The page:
Tuesday, January 6, 2009

Happy Birthday Louis Braille

I wish to add a belated but heart felt happy birthday to Mr. Braille, whose bicentennial occured on 1-4 of this year. Celebrations and educational events have already begun and are scheduled to continue throughout the year. I trust and hope this educational push will encourage both the sighted and blind to understand why Braille is not merely important but absolutely necessary for independence.

Happy Birthday Mr. Braille! — $200 discount on our Braille products
Longueuil, January 6th, 2008 — January 4th 2009 marked the two hundredth anniversary of the birth of Louis Braille. Louis Braille is the inventor of the Braille reading and writing system used internationally by people who are blind and visually impaired. It is the only method by which the blind can be truly literate. Statistics show that 85% of employed blind people use Braille to perform part of their job.
HumanWare has been at the forefront of providing award-winning Braille solutions for both students and professionals. HumanWare's BrailleNote note takers are used by thousands of students and professionals who create and access documents and books to be read in Braille. HumanWare offers other Braille solutions from the pocketsize BrailleConnect for use with mobile devices and laptops, several sizes of the Brailliant Braille displays for the workplace, and personal and institutional Braille embossers.

HumanWare will be celebrating this two hundredth anniversary throughout the year with many future announcements. To begin the year with the true spirit, HumanWare is pleased to offer to all of our customers in the Americas a $200 discount on the purchase on any of our Braille products.

HumanWare realizes that much work remains to be done to insure that all blind individuals have an opportunity to learn and use Braille. HumanWare has worked on many initiatives in the past to make Braille more accessible and will vigorously pursue these activities in 2009 and beyond to make illiteracy among the blind a thing of the past.

Campaign tries to teach the benefits of Braille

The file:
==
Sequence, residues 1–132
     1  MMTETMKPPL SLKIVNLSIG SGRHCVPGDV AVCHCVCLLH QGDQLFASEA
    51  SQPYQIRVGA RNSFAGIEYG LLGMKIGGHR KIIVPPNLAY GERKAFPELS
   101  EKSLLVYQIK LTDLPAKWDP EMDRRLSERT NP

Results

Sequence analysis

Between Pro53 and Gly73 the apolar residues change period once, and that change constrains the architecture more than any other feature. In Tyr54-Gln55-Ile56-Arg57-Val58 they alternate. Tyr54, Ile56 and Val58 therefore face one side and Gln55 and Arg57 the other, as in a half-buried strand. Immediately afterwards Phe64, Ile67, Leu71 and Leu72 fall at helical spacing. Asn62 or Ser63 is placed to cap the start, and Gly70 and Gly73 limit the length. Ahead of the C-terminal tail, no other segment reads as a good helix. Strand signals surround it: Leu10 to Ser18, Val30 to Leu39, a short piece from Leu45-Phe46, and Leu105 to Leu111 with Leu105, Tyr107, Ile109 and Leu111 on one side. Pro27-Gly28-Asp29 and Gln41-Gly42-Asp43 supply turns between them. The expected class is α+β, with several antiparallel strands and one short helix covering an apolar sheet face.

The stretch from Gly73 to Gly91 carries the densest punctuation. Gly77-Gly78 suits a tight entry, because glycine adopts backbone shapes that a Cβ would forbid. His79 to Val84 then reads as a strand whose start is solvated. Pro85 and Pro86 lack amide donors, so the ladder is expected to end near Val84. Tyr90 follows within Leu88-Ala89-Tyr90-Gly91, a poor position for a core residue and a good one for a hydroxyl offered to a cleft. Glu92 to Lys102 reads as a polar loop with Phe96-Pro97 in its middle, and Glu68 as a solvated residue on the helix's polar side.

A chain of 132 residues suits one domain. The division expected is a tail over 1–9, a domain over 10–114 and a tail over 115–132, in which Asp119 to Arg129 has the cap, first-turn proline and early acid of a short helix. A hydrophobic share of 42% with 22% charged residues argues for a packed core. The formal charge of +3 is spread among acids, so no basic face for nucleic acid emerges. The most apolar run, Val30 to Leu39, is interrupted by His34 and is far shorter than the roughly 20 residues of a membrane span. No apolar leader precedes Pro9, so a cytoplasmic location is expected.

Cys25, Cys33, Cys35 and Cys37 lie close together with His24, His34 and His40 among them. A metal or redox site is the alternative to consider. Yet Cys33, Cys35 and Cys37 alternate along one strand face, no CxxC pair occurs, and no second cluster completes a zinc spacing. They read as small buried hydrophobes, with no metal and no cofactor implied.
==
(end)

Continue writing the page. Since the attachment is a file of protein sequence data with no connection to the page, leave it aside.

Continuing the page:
January 5, 2009 - 2:38PM

Since its invention in the 1820s, Braille has been the key to literacy - and employment - for blind people, according to the National Federation of the Blind.

It's appalling that only 10 percent of blind children in the United States are learning Braille, said Kevan Worley, president of the federation's Colorado Springs chapter.

Nationally, about 70 percent of blind people are unemployed, Worley said. But, he said, more than 80 percent of blind people who have learned Braille are employed.

The federation has launched a Braille literacy campaign as it celebrates the 200th anniversary of the birth of Louis Braille, the blind Frenchman who invented the Braille alphabet and published it in 1829. Sunday, Worley and other members of the local chapter demonstrated various mechanical and electronic Braille writers at the Barnes & Noble Booksellers on Briargate Boulevard. Similar events took place at about 60 bookstores across the country.

The small Braille machines easily attracted the attention of children visiting the store.

"Kids love to learn about Braille because it's a code," Worley said. Many myths about Braille - that's it's slow and hard to learn or that it can be replaced by audio material - have kept the Braille literacy rate low, he said. Also, there's a shortage of qualified teachers. But perhaps the biggest obstacle is that most blind children have some visual capabilities and are encouraged to use that rather than learn Braille, Worley and others said.

Rene Harrell, who is teaching Braille to her 7-year-old daughter Clare, said: "The default is to use print because people believe it's easier and it's less intimidating."

That might be OK for children's books when there's only a few large-print words on a page, she said, but by the time blind students get to high school they can't keep up with the reading and can't compete for college and jobs.